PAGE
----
High Excess Risk of Heart Disease Mortality among Hiroshima Atomic Bomb Male Survivors Exposed Near the Hypocenter
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Heart disease mortality
Heart disease (HD) mortality is the second leading cause of death in Japan. The HD mortality risk among Atomic bomb survivors is slightly positive but shows a statistically significant dose-response relationship with initial radiation dose, as reported by the Radiation Effects Research Foundation. In that report, dosimetry was based on initial radiation only, with the effect of indirect radiation dose not taken into consideration. The atomic bomb radiation, however, consisted of both initial and residual radiation. We reevaluated the dose-response relationship for HD mortality using exposure distance (ground distance between the location where exposed and the hypocenter) as a surrogate indicator of radiation dose. At Hiroshima University, a cohort study has been conducted with Hiroshima Atomic Bomb Survivors (ABS) since 1970. We selected 29605 subjects from the ABS who were exposed at 3.5 km or less from the hypocenter and alive on January 1, 1970. These subjects, referred to as “Hiroshima hibakusha” in this paper, were followed until December 31, 2010. We stratified the cohort data with respect to sex and age at the time of bombing (ATB) into 10-year age groups. For each stratum, by applying an extended Cox regression model with time-dependent covariates, we analyzed the risk of HD mortality using either initial radiation dose or exposure distance as an explanatory variable. The results indicate a high excess risk in males and older age ATB females who were exposed near the hypocenter. This difference may be explained by the effect of female sex hormone on the circulatory system among young age ATB females. Some unknown risk factor related to exposure distance was also implicated in the elevated risk of HD among the Hiroshima hibakusha, especially in males. This necessitates further study.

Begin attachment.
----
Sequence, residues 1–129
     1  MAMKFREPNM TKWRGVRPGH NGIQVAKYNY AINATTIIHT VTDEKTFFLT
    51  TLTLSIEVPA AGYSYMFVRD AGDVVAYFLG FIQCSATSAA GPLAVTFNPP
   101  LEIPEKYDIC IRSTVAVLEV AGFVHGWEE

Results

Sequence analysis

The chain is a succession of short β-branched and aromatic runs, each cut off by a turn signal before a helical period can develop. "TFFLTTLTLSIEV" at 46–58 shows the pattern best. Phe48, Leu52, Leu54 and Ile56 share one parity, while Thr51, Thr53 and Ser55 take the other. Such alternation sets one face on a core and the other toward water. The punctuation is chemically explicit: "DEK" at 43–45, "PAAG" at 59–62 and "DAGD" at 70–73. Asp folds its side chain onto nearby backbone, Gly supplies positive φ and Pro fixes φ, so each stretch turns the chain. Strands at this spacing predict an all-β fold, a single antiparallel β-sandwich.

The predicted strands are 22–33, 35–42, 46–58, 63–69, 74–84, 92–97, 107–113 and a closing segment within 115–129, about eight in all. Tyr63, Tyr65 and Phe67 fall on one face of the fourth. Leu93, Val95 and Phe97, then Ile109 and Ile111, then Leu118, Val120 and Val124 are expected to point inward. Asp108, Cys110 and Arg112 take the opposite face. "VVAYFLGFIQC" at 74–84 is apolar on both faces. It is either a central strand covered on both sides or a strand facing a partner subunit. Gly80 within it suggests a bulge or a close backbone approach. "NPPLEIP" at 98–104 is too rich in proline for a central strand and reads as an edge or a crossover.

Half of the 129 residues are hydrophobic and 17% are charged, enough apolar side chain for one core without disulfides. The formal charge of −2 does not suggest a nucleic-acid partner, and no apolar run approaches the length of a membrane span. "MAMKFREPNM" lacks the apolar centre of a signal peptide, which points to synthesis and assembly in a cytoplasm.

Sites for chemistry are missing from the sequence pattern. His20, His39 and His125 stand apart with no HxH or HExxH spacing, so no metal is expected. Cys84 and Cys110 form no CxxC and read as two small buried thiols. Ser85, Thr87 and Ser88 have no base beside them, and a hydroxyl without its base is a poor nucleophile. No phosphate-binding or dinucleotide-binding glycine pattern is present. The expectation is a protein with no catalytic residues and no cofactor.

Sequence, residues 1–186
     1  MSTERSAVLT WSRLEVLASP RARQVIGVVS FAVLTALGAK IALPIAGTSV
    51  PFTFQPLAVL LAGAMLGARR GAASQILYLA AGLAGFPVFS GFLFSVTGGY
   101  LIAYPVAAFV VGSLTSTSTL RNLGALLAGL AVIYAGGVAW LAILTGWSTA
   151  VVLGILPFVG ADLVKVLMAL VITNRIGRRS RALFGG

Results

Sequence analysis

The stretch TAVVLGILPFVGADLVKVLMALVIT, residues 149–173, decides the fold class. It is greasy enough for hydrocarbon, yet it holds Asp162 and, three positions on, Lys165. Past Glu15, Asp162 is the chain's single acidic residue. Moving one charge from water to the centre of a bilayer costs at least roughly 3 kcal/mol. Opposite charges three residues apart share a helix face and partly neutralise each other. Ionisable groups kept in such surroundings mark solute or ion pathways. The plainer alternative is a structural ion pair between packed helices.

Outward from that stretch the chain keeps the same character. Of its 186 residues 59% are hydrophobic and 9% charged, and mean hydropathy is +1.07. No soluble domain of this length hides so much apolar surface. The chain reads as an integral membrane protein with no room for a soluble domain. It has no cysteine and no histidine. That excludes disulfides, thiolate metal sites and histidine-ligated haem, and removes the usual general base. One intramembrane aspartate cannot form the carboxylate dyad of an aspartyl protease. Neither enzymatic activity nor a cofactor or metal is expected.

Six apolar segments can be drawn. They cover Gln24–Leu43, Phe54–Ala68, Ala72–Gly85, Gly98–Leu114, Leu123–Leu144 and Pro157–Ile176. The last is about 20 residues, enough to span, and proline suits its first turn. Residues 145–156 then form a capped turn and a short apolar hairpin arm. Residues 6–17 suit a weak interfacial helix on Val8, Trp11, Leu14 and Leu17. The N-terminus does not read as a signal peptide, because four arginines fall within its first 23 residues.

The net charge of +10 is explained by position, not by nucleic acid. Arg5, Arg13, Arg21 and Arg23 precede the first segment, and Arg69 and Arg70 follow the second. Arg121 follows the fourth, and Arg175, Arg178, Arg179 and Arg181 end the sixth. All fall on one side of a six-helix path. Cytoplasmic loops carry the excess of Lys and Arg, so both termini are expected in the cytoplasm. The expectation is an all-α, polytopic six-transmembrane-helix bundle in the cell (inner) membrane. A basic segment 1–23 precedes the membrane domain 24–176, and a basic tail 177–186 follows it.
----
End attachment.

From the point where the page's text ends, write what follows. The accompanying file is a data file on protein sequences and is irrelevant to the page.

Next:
This research was supported in part by Grants-in-Aid for Scientific Research (A) 24249039 (2012–2014), and the Joint Usage/Research Center (RIRBM), Hiroshima University.
Hiroshima Journal of Medical Sciences
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